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364
Computing the editdistance between unrooted ordered trees
 In Proceedings of the 6th annual European Symposium on Algorithms (ESA
, 1998
"... Abstract. An ordered tree is a tree in which each node’s incident edges are cyclically ordered; think of the tree as being embedded in the plane. Let A and B be two ordered trees. The edit distance between A and B is the minimum cost of a sequence of operations (contract an edge, uncontract an edge, ..."
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Cited by 81 (0 self)
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Abstract. An ordered tree is a tree in which each node’s incident edges are cyclically ordered; think of the tree as being embedded in the plane. Let A and B be two ordered trees. The edit distance between A and B is the minimum cost of a sequence of operations (contract an edge, uncontract an edge, modify the label of an edge) needed to transform A into B. WegiveanO(n 3 log n) algorithm to compute the edit distance between two ordered trees. 1
Higher rank graph C*algebras
, 2000
"... Building on recent work of Robertson and Steger, we associate a C ∗ –algebra to a combinatorial object which may be thought of as a higher rank graph. This C ∗ –algebra is shown to be isomorphic to that of the associated path groupoid. Various results in this paper give sufficient conditions on the ..."
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Cited by 58 (11 self)
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Building on recent work of Robertson and Steger, we associate a C ∗ –algebra to a combinatorial object which may be thought of as a higher rank graph. This C ∗ –algebra is shown to be isomorphic to that of the associated path groupoid. Various results in this paper give sufficient conditions on the higher rank graph for the associated C ∗ –algebra to be: simple, purely infinite and AF. Results concerning the structure of crossed products by certain natural actions of discrete groups are obtained; a technique for constructing rank 2 graphs from “commuting” rank 1 graphs is given.
Dynamic Generators of Topologically Embedded Graphs
, 2003
"... We provide a data structure for maintaining an embedding of a graph on a surface (represented combinatorially by a permutation of edges around each vertex) and computing generators of the fundamental group of the surface, in amortized time O(logn + logg(loglogg) 3) per update on a surface of genus g ..."
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Cited by 39 (1 self)
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We provide a data structure for maintaining an embedding of a graph on a surface (represented combinatorially by a permutation of edges around each vertex) and computing generators of the fundamental group of the surface, in amortized time O(logn + logg(loglogg) 3) per update on a surface of genus g; we can also test orientability of the surface in the same time, and maintain the minimum and maximum spanning tree of the graph in time O(log n + log 4 g) per update. Our data structure allows edge insertion and deletion as well as the dual operations; these operations may implicitly change the genus of the embedding surface. We apply similar ideas to improve the constant factor in a separator theorem for lowgenus graphs, and to find in linear time a treedecomposition of lowgenus lowdiameter graphs.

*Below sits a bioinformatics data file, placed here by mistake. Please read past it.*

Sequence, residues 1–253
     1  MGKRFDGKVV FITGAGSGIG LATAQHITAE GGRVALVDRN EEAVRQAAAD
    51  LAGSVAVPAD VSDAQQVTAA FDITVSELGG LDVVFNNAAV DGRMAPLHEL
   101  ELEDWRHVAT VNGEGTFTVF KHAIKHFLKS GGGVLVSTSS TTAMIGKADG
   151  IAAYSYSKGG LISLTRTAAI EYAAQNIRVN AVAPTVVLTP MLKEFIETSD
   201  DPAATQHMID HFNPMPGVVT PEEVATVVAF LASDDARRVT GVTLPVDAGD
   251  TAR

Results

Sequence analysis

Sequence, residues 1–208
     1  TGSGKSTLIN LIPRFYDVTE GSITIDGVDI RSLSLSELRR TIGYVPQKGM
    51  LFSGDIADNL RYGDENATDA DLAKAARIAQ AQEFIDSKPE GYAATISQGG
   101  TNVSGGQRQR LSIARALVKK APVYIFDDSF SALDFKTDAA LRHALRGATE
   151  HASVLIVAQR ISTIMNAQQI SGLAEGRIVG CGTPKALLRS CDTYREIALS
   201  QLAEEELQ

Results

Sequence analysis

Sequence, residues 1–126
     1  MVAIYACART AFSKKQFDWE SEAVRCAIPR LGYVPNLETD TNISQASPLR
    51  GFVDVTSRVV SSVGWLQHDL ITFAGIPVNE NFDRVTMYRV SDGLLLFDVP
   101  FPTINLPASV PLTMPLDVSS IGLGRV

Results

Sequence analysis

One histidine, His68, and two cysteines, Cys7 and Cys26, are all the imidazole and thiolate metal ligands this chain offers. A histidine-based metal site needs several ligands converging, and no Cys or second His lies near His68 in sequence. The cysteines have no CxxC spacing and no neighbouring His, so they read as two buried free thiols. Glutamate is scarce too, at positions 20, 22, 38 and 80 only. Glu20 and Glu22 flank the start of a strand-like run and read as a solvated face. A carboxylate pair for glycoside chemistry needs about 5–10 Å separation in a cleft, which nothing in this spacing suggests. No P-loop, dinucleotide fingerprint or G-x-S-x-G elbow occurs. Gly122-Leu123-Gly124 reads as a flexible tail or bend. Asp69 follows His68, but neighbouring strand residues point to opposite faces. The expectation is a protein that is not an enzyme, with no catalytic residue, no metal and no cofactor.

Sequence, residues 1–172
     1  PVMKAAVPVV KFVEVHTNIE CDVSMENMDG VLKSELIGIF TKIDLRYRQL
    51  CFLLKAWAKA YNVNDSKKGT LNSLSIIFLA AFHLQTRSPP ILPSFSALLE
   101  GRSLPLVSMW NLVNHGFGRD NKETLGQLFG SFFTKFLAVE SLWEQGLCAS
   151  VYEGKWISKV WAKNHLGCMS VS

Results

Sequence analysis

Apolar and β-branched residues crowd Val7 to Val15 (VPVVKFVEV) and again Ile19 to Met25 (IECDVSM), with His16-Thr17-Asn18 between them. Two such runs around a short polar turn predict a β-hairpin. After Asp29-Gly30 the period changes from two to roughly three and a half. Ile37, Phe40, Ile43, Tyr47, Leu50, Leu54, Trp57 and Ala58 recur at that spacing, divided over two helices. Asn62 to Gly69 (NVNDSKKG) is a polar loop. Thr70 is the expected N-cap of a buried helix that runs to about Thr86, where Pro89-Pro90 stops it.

Moore graphs and beyond: A survey of the degree/diameter problem
 ELECTRONIC JOURNAL OF COMBINATORICS
, 2013
"... The degree/diameter problem is to determine the largest graphs or digraphs of given maximum degree and given diameter. General upper bounds – called Moore bounds – for the order of such graphs and digraphs are attainable only for certain special graphs and digraphs. Finding better (tighter) upper bo ..."
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Cited by 30 (4 self)
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The degree/diameter problem is to determine the largest graphs or digraphs of given maximum degree and given diameter. General upper bounds – called Moore bounds – for the order of such graphs and digraphs are attainable only for certain special graphs and digraphs. Finding better (tighter) upper bounds for the maximum possible number of vertices, given the other two parameters, and thus attacking the degree/diameter problem ‘from above’, remains a largely unexplored area. Constructions producing large graphs and digraphs of given degree and diameter represent a way of attacking the degree/diameter problem ‘from below’. This survey aims to give an overview of the current stateoftheart of the degree/diameter problem. We focus mainly on the above two streams of research. However, we could not resist mentioning also results on various related problems. These include considering Moorelike bounds for special types of graphs and digraphs, such as vertextransitive, Cayley, planar, bipartite, and many others, on
Numerical Stability of Algorithms for Line Arrangements
 In Proc. 7th Annu. ACM Sympos. Comput. Geom
, 1991
"... We analyze the behavior of two line arrangement algorithms, a sweepline algorithm and an incremental algorithm, in approximate arithmetic. The algorithms have running times O(n 2 log n) and O(n 2 ) respectively. We show that each of these algorithms can be implemented to have O(nffl) relative e ..."
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Cited by 28 (6 self)